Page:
Digital Transformation Is Not About Technology (Harvard Business Review)

A recent survey of directors, CEOs, and senior executives found that digital transformation (DT) risk is their #1 concern in 2019. Yet 70% of all DT initiatives do not reach their goals. Of the $1.3 trillion that was spent on DT last year, it was estimated that $900 billion went to waste. Why do some DT efforts succeed and others fail?

Fundamentally, it’s because most digital technologies provide possibilities for efficiency gains and customer intimacy. But if people lack the right mindset to change and the current organizational practices are flawed, DT will simply magnify those flaws. Five key lessons have helped us lead our organizations through digital transformations that succeeded.

Lesson 1: Figure out your business strategy before you invest in anything. Leaders who aim to enhance organizational performance through the use of digital technologies often have a specific tool in mind. “Our organization needs a machine learning strategy,” perhaps. But digital transformation should be guided by the broader business strategy.

At Li & Fung (where one of us works) leaders developed a three-year strategy for serving a marketplace in which mobile apps were just as important as bricks-and-mortar stores. They chose to focus their attention in three areas: speed, innovation, and digitalization.  Specifically, Li & Fung sought to reduce production lead times, increase speed-to-market, and improve the use of data in its global supply chain. After concrete goals were established, the company decided on which digital tools it would adopt. Just to take speed-to-market as an example, Li & Fung has embraced virtual design technology and it has helped them to reduce time from design to sample by 50%. Li & Fung also helped suppliers to install real-time data tracking management systems to increase production efficiency and built Total Sourcing, a digital platform that integrates information from customers and vendors. The finance department took a similar approach and ultimately reduced month-end closing time by more than 30% and increased working capital efficiency by $200 million.

There is no single technology that will deliver “speed” or “innovation” as such. The best combination of tools for a given organization will vary from one vision to another.

Lesson 2: Leverage insiders. Organizations that seek transformations (digital and otherwise) frequently bring in an army of outside consultants who tend to apply one-size-fits-all solutions in the name of “best practices.” Our approach to transforming our respective organizations is to rely instead on insiders — staff who have intimate knowledge about what works and what doesn’t in their daily operations.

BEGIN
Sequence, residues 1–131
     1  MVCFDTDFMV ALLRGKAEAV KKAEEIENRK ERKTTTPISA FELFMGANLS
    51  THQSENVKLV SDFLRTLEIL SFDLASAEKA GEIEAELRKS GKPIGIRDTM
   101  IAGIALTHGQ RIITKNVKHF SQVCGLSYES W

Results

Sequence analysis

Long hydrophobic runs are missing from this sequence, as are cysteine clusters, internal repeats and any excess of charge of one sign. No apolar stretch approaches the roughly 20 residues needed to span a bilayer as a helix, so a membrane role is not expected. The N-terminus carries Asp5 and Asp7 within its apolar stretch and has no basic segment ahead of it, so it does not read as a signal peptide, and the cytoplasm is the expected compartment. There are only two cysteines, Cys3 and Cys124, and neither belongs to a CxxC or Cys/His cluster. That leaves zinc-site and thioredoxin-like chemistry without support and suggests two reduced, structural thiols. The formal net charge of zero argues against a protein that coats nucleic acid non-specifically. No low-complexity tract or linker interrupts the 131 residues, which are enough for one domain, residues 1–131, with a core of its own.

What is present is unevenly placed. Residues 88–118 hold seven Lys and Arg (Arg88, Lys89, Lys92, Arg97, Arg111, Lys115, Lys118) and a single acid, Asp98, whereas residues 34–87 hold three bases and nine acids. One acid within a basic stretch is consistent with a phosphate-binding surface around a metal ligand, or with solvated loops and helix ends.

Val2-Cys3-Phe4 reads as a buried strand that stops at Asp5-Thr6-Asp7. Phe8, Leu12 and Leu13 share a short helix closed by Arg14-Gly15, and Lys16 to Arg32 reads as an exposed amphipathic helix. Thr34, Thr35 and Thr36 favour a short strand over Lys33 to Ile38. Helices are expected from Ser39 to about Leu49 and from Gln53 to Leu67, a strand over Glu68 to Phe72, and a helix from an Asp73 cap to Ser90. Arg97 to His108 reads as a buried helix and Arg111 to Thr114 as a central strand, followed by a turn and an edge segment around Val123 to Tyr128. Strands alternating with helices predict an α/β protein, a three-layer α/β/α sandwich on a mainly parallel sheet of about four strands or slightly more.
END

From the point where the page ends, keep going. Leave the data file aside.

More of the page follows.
Santa Clara County in California (where one of us works) provides an example. The Department of Planning and Development was re-engineering work flows with the goal of improved efficiency and customer experience. Initially, external consultants made recommendations for the permit-approval process based on work they themselves had done for other jurisdictions, which tended to take a decentralized approach. However, customer-facing staff members knew, based on interactions with residents, that a more unified process would be better received.  Therefore, Kirk Girard and his team heavily adapted the recommended tools, processes, diagrams, and key elements of the core software as they redesigned the work flow. As a result, permit processing time was cut by 33%. Often new technologies can fail to improve organizational productivity not because of fundamental flaws in the technology but because intimate insider knowledge has been overlooked.

Lesson 3: Design customer experience from the outside in. If the goal of DT is to improve customer satisfaction and intimacy, then any effort must be preceded by a diagnostic phase with in-depth input from customers. The staff of Santa Clara County’s Department of Planning and Development conducted more than ninety individual interviews with customers in which they asked each customer to describe the department’s strengths and weaknesses. In addition, the department held focus groups during which they asked various stakeholders – including agents, developers, builders, agriculturalists and crucial local institutions like Stanford University – to identify their needs, establish their priorities, and grade the department’s performance. The department then built the input into their transformation. To respond to customer requests for greater transparency about the permit approval process, the department broke down the process into phases and altered the customer portal; customers can now track the progress of their applications as they move from one phase to the next. To shorten processing time, the department configured staff software so that it would automatically identify stalled applications. To enable personalized help, the department gave Permit Center staff dashboard control of the permit workflow. Leaders often expect that the implementation of one single tool or app will enhance customer satisfaction on its own. However, the department’s experience shows that the best way to maximize customer satisfaction is often to make smaller-scale changes to different tools at different points of the service cycle. The only way to know where to alter and how to alter is through obtaining extensive and in-depth input from the customers.

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Harvard Business Review

13 March 2019

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